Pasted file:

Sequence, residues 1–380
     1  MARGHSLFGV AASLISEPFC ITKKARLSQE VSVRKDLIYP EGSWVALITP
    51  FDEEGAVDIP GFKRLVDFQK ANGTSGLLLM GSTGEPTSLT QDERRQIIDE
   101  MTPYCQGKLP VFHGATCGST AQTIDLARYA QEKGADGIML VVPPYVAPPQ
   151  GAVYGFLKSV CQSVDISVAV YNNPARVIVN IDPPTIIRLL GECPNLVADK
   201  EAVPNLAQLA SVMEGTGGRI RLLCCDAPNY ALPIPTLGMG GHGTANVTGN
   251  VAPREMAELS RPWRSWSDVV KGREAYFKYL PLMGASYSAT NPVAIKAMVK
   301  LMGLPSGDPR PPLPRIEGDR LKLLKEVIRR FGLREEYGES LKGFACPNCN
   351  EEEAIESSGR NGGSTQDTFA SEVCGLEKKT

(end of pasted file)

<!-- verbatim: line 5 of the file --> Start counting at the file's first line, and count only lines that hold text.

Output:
   151  GAVYGFLKSV CQSVDISVAV YNNPARVIVN IDPPTIIRLL GECPNLVADK